If you will need Medicaid to pay for long-term care for you or your spouse in the next five years, you need to be careful with gift giving because giving away money or property can interfere with your eligibility.
Under federal Medicaid law, if you transfer certain assets within five years before applying for Medicaid, you will be ineligible for a period of time (called a transfer penalty), depending on how much money you transferred. Even small transfers can affect eligibility. While federal law allows individuals to gift up to $16,000 a year (in 2022) without having to pay a gift tax, Medicaid law still treats that gift as a transfer. In fact, for every $6600 you give away you will incur a one month period of ineligibility for Medicaid. A month of penalty means Medicaid will not pay for your care, no matter how destitute you are.
Medicaid reviews all bank records for five years prior to application. Any transfer that you make, however innocent, will come under scrutiny. For example, Medicaid does not have an exception for gifts to charities. If you give money to a charity, it could affect your Medicaid eligibility down the road. Similarly, gifts for Christmas, weddings, birthdays, and graduations can all cause a transfer penalty, however reasonable gifts are usually allowed. If you buy something for a friend or relative, this could also result in a transfer penalty. Also selling property for less than the tax assessor’s appraised value is considered an uncompensated transfer of the amount for which you sold the property for less than the tax value. You will need documentation showing that you received fair market value in return for a transferred asset to avoid incurring a penalty. Repaying a debt not supported by a promissory note will also be considered a transfer subject to a penalty.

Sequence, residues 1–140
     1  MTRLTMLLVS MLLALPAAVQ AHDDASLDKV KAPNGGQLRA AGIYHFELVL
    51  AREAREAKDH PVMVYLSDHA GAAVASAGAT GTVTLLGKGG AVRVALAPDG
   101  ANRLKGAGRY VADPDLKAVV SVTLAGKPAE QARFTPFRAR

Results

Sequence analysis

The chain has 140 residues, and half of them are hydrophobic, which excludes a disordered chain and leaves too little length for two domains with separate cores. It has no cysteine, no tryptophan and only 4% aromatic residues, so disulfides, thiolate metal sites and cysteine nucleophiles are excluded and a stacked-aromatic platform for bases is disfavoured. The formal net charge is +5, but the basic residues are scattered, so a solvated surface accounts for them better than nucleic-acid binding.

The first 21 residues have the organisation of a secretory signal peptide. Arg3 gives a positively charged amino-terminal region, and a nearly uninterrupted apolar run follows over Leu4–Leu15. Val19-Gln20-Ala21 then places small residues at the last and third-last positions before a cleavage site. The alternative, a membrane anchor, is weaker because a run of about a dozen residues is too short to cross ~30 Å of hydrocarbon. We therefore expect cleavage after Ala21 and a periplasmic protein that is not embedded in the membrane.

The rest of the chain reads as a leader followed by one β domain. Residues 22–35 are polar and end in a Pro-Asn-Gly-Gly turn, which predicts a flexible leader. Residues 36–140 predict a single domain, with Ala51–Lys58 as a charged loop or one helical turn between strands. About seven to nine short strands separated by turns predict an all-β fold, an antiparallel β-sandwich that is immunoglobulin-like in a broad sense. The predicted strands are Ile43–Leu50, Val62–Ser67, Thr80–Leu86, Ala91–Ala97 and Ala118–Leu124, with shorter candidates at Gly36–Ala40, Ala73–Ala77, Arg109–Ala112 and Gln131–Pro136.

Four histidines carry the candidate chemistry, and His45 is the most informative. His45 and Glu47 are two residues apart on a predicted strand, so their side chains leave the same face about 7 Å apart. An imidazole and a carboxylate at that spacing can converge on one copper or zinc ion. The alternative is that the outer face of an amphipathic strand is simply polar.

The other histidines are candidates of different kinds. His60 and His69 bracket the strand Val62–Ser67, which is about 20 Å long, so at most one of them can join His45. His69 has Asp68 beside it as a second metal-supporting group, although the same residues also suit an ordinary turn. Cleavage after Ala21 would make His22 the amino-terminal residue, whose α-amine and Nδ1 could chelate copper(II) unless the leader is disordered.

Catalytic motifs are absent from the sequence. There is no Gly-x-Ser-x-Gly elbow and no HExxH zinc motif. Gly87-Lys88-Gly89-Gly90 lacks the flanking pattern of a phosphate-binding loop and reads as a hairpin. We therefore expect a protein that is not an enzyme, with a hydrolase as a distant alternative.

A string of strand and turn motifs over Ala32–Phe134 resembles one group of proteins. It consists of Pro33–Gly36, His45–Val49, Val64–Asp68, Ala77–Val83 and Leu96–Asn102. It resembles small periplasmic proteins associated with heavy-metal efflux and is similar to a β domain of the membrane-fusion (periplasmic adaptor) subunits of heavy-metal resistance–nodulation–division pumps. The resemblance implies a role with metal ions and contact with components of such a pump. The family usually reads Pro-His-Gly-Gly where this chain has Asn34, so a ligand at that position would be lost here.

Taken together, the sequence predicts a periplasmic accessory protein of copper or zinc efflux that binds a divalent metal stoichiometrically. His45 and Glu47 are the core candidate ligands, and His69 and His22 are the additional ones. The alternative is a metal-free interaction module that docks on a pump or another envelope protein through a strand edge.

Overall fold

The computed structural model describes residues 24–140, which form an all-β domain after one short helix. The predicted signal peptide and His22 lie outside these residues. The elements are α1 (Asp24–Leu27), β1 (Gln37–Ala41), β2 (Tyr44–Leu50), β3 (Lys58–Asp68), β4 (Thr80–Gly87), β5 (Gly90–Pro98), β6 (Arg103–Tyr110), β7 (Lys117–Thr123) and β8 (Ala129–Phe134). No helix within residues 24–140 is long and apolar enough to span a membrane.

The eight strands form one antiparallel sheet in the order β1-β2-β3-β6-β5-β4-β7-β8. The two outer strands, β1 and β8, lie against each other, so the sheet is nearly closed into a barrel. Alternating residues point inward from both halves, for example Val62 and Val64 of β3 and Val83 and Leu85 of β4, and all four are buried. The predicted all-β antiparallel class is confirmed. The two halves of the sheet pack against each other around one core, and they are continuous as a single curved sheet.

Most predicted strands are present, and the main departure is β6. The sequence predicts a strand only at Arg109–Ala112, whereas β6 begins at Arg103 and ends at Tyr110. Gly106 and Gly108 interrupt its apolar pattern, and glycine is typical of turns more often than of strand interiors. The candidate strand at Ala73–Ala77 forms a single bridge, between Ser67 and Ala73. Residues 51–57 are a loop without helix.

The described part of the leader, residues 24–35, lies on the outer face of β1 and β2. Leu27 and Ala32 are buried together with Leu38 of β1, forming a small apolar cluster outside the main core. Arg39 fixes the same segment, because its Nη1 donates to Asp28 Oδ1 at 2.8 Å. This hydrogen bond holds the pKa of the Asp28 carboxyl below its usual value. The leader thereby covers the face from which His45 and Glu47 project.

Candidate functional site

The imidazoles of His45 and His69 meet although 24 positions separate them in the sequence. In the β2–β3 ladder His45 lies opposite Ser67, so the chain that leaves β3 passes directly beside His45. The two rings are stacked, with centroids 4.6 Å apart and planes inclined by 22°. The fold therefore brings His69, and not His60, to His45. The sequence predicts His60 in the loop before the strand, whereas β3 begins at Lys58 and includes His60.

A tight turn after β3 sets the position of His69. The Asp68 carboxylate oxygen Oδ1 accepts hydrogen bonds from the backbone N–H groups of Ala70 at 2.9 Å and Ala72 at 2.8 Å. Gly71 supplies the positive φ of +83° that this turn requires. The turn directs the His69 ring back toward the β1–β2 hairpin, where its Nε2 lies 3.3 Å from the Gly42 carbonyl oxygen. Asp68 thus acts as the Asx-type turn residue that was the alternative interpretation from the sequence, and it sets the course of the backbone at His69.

While most transfers are penalized, certain transfers are exempt from this penalty. Even after entering a nursing home, you may transfer any asset to the following individuals without having to wait out a period of Medicaid ineligibility:
- your spouse
- a trust for the sole benefit of your child who is blind or permanently disabled
- a special needs trust for the benefit of the Medicaid applicant
In addition, special exceptions apply to the transfer of a home. The Medicaid applicant’s home may be transferred to the following individuals without incurring a transfer penalty:
- A spouse
- A child who is under age 21
- A child who is blind or disabled (the house does not have to be in a trust)
- A sibling who has lived in the home during the year preceding the applicant’s institutionalization and who already holds an equity interest in the home
- A “caretaker child,” who is defined as a child of the applicant who lived in the house for at least two years prior to the applicant’s institutionalization and who during that period provided care that allowed the applicant to avoid a nursing home stay.